Louise Radnofsky, Wall Street Journal, United States discussed on Coast to Coast AM with George Noory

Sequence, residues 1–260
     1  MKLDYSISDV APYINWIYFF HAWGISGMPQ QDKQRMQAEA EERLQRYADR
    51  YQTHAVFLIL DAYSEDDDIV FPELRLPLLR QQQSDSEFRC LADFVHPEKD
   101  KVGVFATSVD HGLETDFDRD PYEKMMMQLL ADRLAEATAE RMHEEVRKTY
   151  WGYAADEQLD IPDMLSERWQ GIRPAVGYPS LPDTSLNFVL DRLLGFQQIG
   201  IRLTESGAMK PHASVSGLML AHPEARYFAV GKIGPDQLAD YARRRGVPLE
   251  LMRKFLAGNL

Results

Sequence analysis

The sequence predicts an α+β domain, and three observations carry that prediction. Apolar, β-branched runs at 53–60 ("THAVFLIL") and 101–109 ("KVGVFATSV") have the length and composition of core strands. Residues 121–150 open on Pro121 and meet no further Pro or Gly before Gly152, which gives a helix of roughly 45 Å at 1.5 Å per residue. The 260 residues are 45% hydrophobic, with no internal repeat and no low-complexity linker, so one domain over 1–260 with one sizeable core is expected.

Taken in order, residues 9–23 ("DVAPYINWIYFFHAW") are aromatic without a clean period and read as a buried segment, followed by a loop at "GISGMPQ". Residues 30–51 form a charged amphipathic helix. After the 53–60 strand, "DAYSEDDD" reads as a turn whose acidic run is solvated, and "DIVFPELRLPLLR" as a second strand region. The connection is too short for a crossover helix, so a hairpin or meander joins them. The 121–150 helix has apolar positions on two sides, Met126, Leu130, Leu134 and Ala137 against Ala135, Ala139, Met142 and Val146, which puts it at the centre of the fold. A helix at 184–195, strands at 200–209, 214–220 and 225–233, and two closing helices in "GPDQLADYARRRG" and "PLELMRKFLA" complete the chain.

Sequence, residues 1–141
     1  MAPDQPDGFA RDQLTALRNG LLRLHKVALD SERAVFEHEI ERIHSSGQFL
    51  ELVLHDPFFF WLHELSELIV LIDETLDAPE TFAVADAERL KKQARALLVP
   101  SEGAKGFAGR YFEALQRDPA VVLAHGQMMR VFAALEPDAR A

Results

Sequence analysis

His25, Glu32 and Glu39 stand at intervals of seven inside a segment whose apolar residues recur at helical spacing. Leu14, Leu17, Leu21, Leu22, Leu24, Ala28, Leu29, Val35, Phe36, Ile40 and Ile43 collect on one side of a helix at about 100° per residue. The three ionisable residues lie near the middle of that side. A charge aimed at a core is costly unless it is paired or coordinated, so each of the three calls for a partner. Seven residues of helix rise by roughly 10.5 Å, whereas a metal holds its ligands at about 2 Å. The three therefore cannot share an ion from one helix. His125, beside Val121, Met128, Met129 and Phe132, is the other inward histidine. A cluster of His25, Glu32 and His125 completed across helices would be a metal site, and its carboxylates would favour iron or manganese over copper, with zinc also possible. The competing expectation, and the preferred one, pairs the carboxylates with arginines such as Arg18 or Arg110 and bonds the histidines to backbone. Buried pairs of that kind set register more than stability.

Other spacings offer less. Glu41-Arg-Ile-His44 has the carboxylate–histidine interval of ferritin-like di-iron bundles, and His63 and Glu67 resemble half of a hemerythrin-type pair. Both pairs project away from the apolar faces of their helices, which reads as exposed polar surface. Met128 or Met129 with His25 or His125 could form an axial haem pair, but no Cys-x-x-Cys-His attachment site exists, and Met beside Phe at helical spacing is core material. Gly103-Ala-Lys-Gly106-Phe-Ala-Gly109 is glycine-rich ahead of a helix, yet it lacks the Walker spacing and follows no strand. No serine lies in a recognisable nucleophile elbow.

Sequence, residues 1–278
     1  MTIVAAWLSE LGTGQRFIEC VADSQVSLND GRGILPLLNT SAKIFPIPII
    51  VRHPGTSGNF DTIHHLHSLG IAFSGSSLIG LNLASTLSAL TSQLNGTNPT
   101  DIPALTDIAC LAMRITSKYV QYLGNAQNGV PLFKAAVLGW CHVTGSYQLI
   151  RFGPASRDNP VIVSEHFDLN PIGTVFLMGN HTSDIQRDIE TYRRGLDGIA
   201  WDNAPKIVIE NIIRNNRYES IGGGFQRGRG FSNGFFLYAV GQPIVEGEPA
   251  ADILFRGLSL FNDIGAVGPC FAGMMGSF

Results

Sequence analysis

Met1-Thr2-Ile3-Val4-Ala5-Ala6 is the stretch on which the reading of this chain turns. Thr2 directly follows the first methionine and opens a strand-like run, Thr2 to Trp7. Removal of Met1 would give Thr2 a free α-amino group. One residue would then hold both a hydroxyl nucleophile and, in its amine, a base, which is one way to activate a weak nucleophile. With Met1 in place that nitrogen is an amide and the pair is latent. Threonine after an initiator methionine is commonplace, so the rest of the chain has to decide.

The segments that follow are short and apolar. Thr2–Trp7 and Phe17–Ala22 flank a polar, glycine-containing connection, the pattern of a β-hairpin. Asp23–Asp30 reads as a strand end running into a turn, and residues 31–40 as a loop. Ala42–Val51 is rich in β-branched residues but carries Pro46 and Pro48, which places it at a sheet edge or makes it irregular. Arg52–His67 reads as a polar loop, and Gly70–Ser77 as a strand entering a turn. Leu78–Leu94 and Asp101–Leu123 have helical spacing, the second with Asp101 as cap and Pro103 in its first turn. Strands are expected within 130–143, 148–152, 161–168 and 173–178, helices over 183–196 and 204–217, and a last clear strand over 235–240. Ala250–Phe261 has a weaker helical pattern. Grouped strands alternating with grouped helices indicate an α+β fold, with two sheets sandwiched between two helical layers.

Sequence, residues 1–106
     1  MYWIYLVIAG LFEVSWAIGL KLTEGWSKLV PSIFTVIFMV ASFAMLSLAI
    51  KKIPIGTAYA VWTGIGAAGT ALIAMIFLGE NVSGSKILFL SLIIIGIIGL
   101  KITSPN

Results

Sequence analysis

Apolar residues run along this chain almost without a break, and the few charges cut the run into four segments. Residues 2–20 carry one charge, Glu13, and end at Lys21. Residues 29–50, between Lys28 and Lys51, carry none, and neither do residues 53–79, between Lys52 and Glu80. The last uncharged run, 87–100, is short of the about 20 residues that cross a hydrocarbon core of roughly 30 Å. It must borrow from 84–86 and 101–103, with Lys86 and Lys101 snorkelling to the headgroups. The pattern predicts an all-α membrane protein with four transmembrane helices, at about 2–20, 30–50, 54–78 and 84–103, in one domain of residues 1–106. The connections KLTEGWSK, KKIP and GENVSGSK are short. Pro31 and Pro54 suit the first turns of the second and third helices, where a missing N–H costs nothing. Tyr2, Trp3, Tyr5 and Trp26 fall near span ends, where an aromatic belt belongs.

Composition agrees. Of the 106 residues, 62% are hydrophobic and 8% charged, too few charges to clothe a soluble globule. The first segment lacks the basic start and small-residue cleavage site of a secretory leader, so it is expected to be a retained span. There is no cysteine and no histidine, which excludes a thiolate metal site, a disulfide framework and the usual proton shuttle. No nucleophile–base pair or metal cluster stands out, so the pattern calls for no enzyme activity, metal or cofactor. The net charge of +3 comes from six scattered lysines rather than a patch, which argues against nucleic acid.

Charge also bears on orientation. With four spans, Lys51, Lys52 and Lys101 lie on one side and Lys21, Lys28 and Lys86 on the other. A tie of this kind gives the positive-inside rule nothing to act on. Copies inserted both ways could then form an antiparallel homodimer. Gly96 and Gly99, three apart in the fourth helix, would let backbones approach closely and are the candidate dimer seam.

There's new momentum in congress on efforts to help avoid future. Government shutdowns several proposals have been floated as congress deals with the fallout from the longest government shutdown in US history and negotiators face yet. Another funding deadline in two and a half weeks another shutdown looms if lawmakers and President Trump failed to reach agreement on border security funding before the current money. Runs out on February fifteenth Virginia democratic Senator Mark Warner the method running government shutdown Rickman ship must come to an end. Senate majority leader Mitch McConnell says he's open to supporting legislation that would prevent future shutdowns as long as it has support from both parties I'd be open to anything that we could agree on a bipartisan basis that would make them. Pretty hard. To occur. Again. None of the proposals are likely to be in place for the current stalemate as seventeen congressional negotiators are preparing to meet for the first time today to discuss border security funding. The immigration court bat. Log grew by at least ten percent during the partial government shutdown as a funding dispute centred on border security left the nation's overloaded immigration system. Digging out of an even deeper hole than before the five week standoff. The court backlog was hurt as court stopped. Hearing most cases and Justice department lawyers were furloughed more from Wall Street Journal reporter Louise Radnofsky who covers immigration policy Lewis. Give us some numbers. Cutdown took a pretty heavy hit on several different components of the immigration system. The most prominent of which was the immigration courts. They had a backlog of more than eight hundred thousand cases, even before the shutdown began and the shutdown by at least one estimate resulted in twenty thousand cases per week. Not being heard which likely added at least eighty thousand probably more like one hundred thousand to that backlog dot even accounting for any new cases that came in during that time boy. So if you're waiting to appear in court in this backup system, where are you are you in a you still on the other side of the border? Are you wandering around the US because you have an appointment are you in in the United States waiting for waiting for your day in court, and that is a matter of concern to people on both sides of the issue. There are people who say that that is not a particularly efficient way of getting out of the country people who shouldn't be here and don't have a claim to be here. And there are people on the other side who would say that it's not really a particularly just either to leave somebody waiting for years to resolve their fate effectively. And that they don't have the best shot at presenting their case in court either after year. Because cases, go stale and guy and various things can happen over a period of time that just isn't isn't helpful for anybody. So this is one of several rarest of agreement people club problem where does e verify fit into this. E-verify is favored by some immigration hardliners, people who favor reduction both legal and illegal immigration as as more effective than a wall. Or physical barriers at the border. They see that is preventing people from working in the United States authorisation, and that is the most effective measure of restricting illegal immigration in particular. They're very very fun to be verified, which is a voluntary system used by the players was shut down during the shutdown and then, but that's not mandatory, right? It's not mandatory. But it is very prolific better word. It's very prolific. Forty million cases were handled by system Cisco year. That's average about seven hundred fifty thousand cases a week. And shutdown went on for five weeks. So that the cases might be dissolved in time, but they weren't resolved for the five weeks to shut down and people can really favor e-verify necessarily have a lot of faith in the wall. Is the best tactic for that particular caused would see this as possibly a trade off? They would not seen happen. We're speaking with Wall Street Journal reporter, Louise Radnofsky, she covers immigration policy. Her piece is called shutdown compounds woes for immigration system. So now with the backlog having grown, what are the ketchup possibilities here? Besides never I guess well people whose hearings were cancelled cont kissed get back on the docket. They may in fact end up going back to the line waiting for their day in court, which again has a mixed bag of consequences for everybody involved. The court system will be gearing back up and trying to dig out in the next couple of weeks ahead of any additional shutdown and there's going to be a little work for them to do as unbelievable. So a phrase that you will never utter. It seems. If you work in that industry is well just waiting for some new paperwork to show up. Right. These folks are facing just years and years of paperwork. It really is a paperwork driven system in many ways as well. And so while more automated system might be able to withstand some of the stress of five week workload piling up. This is really a paper driven one and that stands to be a particular challenge as well. Thanks, Louise, Wall Street Journal reporter Louise Radnofsky who covers immigration policy, fourteen minutes now after the hour on This.

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